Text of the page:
Thursday, 6 December 2018

Green Millhouse: OK Google, turn on the living room air conditioner

My Broadlink RM3 IR blaster has been working pretty well, so I thought I'd share how I've been using it with a couple of IR-controlled air conditioners in my house, to control them with the Google Home Assistant via OpenHAB.

The RM3 sits in a little niche that has line-of-sight to both these devices (a Daikin in the living room, and a Panasonic in the dining area). Using the RM-Bridge Android app, the fun2code website and the method I've documented over on the OpenHAB forums), I've learnt the ON and OFF codes for each device, and put them into broadlink.map:
PANASONIC_AIRCON_ON=D3ADB33F...

PANASONIC_AIRCON_OFF=13371337...

DAIKIN_AIRCON_ON=F00F00FAAFAA...

DAIKIN_AIRCON_OFF=F00D00FAAFAA...

The "basic" way of invoking the commands is by using a String Item for your IR-blaster device, and a Switch in your sitemap, like this:

items/remotecontrollable.items:
String RM3_MINI {channel="broadlink:rm3:34-ea-34-58-9d-5b:command"}

sitemaps/default.sitemap:
sitemap default label="My house" {
  Frame label="Aircon" {
    Switch
      item=RM3_MINI 
      label="Dining Area"
      mappings=[PANASONIC_AIRCON_ON="On", PANASONIC_AIRCON_OFF="Off"]
  }
  ...
}

Which gives you this:

... which is completely fine for basic UI control. But if you want the Google Home Assistant (aka "OK Google") to be able to operate it, it won't work. The reason for this is that the Switchable trait that you have to give the item can only take the simple values ON and OFF, not a string like PANASONIC_AIRCON_ON. So while it *might* work if you named your remote control commands ON and OFF, you're hosed if you want to add a second switchable device.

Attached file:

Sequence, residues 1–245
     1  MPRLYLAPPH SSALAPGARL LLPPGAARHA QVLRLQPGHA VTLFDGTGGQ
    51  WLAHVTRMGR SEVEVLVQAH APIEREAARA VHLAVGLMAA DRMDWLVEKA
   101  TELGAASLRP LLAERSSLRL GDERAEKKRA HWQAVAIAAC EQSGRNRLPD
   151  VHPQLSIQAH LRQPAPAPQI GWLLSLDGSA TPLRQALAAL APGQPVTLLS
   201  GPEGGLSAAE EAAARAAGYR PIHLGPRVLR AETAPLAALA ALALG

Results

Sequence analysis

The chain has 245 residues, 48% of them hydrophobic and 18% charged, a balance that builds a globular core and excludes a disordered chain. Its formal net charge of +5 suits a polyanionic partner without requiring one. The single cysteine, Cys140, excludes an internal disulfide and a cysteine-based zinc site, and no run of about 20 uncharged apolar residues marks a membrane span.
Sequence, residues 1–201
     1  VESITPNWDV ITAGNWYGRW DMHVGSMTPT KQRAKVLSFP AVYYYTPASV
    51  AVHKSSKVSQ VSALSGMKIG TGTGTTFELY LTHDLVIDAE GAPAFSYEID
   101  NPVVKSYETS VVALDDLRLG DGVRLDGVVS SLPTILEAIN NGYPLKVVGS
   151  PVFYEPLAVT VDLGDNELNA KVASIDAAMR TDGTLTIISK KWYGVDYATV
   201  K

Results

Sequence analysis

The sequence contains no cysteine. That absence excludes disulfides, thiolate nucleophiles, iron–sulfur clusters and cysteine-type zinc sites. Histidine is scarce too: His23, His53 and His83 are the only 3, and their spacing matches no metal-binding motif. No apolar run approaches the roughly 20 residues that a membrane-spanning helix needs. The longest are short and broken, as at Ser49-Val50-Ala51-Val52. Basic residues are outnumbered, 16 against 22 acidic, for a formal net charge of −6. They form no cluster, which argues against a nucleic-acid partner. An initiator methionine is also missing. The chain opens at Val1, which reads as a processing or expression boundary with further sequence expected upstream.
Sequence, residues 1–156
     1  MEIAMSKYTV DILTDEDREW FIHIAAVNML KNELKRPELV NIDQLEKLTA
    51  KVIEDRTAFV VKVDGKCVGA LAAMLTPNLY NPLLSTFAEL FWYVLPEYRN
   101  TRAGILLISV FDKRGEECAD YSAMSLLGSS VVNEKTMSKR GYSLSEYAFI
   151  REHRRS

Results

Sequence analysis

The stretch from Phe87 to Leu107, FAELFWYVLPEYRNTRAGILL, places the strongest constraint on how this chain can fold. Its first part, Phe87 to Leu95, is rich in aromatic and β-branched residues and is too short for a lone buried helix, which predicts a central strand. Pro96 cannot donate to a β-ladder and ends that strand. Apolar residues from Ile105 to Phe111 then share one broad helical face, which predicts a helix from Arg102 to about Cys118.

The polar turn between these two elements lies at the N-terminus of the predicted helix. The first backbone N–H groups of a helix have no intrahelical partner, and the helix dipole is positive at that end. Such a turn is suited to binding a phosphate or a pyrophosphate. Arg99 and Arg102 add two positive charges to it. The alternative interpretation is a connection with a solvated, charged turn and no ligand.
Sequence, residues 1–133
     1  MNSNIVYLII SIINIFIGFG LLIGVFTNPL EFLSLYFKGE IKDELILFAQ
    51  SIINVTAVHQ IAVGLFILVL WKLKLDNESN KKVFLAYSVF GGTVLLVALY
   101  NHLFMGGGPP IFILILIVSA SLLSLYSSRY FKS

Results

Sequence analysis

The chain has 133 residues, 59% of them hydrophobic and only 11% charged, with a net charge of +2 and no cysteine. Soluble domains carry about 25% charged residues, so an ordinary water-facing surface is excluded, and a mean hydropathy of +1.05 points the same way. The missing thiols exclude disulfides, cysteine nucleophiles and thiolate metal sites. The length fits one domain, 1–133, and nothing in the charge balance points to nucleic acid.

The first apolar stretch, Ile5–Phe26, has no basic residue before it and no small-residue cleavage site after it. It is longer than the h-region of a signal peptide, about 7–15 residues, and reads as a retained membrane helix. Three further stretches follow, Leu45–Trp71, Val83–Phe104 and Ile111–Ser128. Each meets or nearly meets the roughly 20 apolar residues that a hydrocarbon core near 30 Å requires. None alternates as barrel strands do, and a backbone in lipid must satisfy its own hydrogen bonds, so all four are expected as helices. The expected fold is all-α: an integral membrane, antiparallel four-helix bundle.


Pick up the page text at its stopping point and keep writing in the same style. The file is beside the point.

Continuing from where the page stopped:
The best solution I could find was to set up a second Item, which is literally the most basic Switch you can have. You can also give it a label that makes it easier to remember and say when commanding your Google Home device. You then use a rule to make the new item's state shadow the "command" item's state. I'll demonstrate the difference by configuring the Living Room aircon in this Google-friendly way:

items/remotecontrollable.items:
String RM3_MINI {channel="broadlink:rm3:34-ea-34-58-9d-5b:command"}
Switch AC_LIVING_ONOFF "Living Room Air Conditioner" [ "Switchable" ] 

Notice the "label" in the Switch is the one that will be used for Google voice commands.

rules/remotecontrollable.rules:
rule "Translate Living Room ON/OFF to aircon state"
when
  Item AC_LIVING_ONOFF changed 
then 
  val isOn = (AC_LIVING_ONOFF.state.toString() == "ON")
  val daikinState = if(isOn) "DAIKIN_AIRCON_ON" else "DAIKIN_AIRCON_OFF"
  RM3_MINI.sendCommand(daikinState)
end

This rule keeps the controlling channel (RM3_MINI) in line with the human-input channel (the OpenHAB UI or the Google Home Assistant input). Finally the sitemap:

sitemaps/default.sitemap:
sitemap default label="My house" {
  Frame label="Aircon" {
    Switch item=AC_LIVING_ONOFF label="Living Room On/Off" 
  }
  ...
}

I quite like the fact that the gory detail of which command to send (the DAIKIN_AIRCON_ON stuff) is not exposed in the sitemap by doing it this way. You also get a nicer toggle switch as a result:



The final step is to ensure the AC_LIVING_ONOFF item is being exposed via the MyOpenHAB connector service, which in turn links to the Google Assistant integration. And now I can say "Hey Google, turn on the living room air conditioner" and within 5 seconds it's spinning up.